When the United Nations Security Council passed Resolution 1325 in October of 2000, its aim was integration of women into every phase of conflict resolution while also combatting gender-based violence. Although the resolution’s passing was a watershed moment, says UCI political science assistant professor Heidi Hardt, more action is needed to address women’s underrepresentation in international conflict prevention, management and resolution efforts.

“Integrating women into these processes matters,” she says. “Scholars have shown that women’s participation can increase the probability that peace agreements last. A growing body of research finds that women’s security affects states’ security.”

Despite this evidence, many international organizations have not completed the implementation of 1325, and data collection remains uneven and participation is only partially monitored.

Working with an international team of academic, military and policy research leaders, Hardt and her collaborators have a plan. NATO’s Emerging Security Challenges Division has awarded the team more than $210,000 through their Science for Peace and Security program for a two-year project that will result in:

  • Research and scholarly publications on women’s participation and effectiveness in the security and defense sector
  • An on-site and online gender-awareness and sexual harassment training course tailored for NATO civilian and military staff
  • A gender awareness handbook for all NATO practitioners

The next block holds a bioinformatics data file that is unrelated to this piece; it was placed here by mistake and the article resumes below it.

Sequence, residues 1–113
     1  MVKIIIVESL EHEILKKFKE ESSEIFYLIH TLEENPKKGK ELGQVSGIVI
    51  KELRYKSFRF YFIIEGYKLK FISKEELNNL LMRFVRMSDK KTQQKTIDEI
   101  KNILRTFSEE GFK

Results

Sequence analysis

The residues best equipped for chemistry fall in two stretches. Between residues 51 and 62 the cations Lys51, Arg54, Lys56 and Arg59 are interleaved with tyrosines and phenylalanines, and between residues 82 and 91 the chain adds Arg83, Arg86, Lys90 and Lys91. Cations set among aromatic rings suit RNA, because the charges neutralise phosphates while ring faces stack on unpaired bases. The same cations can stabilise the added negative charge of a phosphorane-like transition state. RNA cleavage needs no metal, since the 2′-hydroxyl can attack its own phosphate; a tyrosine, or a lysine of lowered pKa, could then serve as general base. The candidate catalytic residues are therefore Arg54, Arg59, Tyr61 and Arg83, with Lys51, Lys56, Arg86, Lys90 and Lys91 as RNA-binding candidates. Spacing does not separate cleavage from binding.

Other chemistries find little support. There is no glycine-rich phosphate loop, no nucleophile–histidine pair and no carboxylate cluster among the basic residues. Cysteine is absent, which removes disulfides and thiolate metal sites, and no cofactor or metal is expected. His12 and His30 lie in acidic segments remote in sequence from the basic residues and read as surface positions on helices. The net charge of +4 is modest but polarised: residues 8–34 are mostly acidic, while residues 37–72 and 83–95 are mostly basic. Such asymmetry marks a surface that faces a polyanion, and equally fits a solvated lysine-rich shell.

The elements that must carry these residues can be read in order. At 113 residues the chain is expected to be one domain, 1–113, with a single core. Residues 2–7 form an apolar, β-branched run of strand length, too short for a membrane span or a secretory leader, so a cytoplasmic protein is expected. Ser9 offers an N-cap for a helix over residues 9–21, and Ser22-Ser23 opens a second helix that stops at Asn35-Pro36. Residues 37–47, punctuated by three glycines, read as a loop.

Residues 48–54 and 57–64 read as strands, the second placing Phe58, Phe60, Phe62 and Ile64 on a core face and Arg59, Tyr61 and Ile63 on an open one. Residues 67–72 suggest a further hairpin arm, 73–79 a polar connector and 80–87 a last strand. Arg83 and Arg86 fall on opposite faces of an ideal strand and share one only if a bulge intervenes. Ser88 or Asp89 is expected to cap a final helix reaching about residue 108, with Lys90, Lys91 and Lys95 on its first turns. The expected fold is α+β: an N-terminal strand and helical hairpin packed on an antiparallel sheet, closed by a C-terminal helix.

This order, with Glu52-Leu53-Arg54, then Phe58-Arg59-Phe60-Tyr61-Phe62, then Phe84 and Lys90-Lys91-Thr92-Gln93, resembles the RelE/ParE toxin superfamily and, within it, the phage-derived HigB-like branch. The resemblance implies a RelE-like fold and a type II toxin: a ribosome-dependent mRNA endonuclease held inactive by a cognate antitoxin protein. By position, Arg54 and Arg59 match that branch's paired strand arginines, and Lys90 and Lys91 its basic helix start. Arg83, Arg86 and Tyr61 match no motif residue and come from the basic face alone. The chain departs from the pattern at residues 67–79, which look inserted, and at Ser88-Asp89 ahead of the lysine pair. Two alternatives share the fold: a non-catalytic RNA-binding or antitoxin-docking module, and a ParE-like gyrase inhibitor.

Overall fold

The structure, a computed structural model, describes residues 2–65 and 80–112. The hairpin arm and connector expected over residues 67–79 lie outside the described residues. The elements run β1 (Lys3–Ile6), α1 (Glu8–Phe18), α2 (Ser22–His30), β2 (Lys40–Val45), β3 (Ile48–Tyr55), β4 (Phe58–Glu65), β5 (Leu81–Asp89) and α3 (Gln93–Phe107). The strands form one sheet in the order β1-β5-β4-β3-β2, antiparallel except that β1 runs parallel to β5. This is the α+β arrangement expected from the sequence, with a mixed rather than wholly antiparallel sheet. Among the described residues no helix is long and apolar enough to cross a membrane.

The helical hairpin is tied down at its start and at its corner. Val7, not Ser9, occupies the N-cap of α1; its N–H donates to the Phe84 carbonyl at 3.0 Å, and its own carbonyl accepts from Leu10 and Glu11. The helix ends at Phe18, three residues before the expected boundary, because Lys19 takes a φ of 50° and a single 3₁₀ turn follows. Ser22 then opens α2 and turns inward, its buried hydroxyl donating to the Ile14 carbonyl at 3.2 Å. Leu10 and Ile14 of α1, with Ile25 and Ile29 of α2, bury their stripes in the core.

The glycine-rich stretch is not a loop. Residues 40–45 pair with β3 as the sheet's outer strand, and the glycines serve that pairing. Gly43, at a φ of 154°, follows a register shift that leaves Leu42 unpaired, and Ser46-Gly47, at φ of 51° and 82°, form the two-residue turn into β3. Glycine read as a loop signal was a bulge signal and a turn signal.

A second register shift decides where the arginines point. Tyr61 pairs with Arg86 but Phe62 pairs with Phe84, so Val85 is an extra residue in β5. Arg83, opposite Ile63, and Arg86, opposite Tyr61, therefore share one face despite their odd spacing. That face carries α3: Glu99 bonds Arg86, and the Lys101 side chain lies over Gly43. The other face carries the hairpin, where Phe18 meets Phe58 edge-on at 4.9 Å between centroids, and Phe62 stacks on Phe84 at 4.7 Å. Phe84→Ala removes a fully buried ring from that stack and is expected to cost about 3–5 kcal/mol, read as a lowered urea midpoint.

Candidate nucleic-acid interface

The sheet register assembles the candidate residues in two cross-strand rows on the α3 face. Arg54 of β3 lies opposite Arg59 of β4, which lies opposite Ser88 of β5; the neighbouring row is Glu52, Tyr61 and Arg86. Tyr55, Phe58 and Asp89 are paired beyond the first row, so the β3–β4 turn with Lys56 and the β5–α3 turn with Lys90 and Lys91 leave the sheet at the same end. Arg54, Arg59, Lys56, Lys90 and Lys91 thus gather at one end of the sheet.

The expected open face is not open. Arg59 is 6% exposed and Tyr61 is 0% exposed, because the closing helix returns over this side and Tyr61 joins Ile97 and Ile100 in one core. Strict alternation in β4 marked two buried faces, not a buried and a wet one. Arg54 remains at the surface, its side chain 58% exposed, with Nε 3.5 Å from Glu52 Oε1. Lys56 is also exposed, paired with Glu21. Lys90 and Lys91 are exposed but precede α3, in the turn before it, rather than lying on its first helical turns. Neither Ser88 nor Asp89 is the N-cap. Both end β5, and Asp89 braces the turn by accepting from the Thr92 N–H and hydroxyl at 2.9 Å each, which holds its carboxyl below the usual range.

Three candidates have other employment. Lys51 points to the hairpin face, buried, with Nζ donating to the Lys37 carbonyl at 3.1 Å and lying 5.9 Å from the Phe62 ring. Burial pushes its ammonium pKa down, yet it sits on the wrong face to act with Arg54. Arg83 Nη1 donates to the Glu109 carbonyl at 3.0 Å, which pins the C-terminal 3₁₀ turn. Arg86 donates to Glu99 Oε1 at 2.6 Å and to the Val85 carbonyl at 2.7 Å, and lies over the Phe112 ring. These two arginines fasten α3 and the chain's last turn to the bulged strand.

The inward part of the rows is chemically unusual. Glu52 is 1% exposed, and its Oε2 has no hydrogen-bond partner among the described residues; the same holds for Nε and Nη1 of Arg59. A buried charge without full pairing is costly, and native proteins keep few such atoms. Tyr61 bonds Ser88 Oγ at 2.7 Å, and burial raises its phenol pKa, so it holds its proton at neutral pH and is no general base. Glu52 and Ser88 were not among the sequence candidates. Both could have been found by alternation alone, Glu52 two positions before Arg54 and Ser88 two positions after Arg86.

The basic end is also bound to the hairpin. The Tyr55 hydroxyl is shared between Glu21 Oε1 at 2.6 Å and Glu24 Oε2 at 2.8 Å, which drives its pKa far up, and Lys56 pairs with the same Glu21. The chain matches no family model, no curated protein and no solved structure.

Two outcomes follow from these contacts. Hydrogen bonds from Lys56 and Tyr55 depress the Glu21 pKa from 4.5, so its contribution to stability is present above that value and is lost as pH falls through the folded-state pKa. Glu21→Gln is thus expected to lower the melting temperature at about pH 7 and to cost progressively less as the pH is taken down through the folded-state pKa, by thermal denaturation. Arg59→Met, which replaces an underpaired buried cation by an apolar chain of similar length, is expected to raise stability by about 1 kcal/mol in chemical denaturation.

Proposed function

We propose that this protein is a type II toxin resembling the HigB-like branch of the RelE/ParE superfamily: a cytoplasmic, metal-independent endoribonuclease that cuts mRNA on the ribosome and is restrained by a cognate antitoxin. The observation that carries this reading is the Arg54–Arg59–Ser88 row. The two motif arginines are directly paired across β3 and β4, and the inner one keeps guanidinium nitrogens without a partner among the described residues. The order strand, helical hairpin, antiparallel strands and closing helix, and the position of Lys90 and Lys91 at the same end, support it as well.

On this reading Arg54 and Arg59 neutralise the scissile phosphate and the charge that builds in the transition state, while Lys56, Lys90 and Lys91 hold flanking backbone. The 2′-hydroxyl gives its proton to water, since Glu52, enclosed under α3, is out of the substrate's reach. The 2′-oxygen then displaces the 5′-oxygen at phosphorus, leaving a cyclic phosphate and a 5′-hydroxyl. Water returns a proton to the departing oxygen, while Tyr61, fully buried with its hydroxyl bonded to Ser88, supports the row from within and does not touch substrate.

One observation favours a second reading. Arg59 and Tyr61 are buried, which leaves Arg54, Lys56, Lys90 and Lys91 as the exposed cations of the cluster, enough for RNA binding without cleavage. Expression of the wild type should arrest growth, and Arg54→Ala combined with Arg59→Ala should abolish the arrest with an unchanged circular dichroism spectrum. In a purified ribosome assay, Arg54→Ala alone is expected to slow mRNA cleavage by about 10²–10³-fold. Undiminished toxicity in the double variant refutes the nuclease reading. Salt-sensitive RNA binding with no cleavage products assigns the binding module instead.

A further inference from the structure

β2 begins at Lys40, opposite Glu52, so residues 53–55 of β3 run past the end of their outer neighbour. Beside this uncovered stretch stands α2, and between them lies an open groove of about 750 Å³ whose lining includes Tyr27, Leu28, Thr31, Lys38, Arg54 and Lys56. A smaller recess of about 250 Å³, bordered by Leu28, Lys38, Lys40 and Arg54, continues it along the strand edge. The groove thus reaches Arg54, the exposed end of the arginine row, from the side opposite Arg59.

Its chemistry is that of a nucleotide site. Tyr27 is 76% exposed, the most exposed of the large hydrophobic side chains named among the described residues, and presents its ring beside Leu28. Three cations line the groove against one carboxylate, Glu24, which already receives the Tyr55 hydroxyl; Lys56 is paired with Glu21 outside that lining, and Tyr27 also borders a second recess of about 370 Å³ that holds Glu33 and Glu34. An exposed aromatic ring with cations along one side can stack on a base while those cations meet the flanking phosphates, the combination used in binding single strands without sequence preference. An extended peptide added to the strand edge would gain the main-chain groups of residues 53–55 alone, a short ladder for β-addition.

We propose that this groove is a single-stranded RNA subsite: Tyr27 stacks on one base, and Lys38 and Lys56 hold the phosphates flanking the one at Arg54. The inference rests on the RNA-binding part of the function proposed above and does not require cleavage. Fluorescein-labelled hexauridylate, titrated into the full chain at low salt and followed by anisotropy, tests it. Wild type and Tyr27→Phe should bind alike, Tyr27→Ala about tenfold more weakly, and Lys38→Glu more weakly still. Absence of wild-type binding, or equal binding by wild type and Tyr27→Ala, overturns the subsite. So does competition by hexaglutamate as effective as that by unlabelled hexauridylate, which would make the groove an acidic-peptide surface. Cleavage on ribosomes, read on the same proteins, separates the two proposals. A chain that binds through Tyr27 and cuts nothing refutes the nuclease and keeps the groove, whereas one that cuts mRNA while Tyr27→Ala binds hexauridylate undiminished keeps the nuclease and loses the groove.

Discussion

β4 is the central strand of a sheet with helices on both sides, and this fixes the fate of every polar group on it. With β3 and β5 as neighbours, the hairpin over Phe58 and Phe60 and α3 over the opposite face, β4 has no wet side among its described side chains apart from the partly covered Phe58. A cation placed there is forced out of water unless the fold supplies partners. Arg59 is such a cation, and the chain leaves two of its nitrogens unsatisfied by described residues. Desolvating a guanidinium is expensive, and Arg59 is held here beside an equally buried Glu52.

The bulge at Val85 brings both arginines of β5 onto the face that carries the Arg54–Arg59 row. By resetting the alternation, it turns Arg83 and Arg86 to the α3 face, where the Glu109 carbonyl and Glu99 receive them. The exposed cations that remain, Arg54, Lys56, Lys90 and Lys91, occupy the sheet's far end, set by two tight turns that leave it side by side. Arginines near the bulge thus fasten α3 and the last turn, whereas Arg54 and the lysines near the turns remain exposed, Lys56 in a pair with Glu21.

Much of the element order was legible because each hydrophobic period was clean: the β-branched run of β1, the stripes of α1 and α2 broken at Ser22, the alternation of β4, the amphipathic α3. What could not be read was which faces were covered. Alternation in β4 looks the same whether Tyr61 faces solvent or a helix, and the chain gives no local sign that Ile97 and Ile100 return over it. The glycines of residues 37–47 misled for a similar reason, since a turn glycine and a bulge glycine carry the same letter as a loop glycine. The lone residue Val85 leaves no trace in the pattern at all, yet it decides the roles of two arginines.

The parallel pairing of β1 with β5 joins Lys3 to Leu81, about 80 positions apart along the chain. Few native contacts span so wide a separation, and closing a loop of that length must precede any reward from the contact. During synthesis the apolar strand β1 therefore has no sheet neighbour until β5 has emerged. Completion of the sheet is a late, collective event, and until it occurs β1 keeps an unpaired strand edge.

“NATO is the world’s largest military organization,” says Hardt. “By producing research on gender mainstreaming and by creating a gender awareness course, we have a unique opportunity to affect change.”

Depending on trials, NATO may choose to require the course for all incoming civilian and military staff at NATO headquarters in Brussels, Belgium.

Professor Hardt is collaborating on this project with Stéfanie von Hlatky, assistant professor of political studies at Queen’s University (Ontario), director of the Queen’s Centre for International and Defence Policy, and founder of Women in International Security - Canada. Also involved with the work are Australian Army Lieutenant-Colonel Darleen Young, who is leading the Women Peace and Security Gender and Child Protection and Gender Advisor Army Operations, and Jennifer Freeman, senior program officer for Women, Peace and Security at the Joan B. Kroc Institute for Peace and Justice, University of San Diego. The project begins this spring and will conclude in the spring of 2018.


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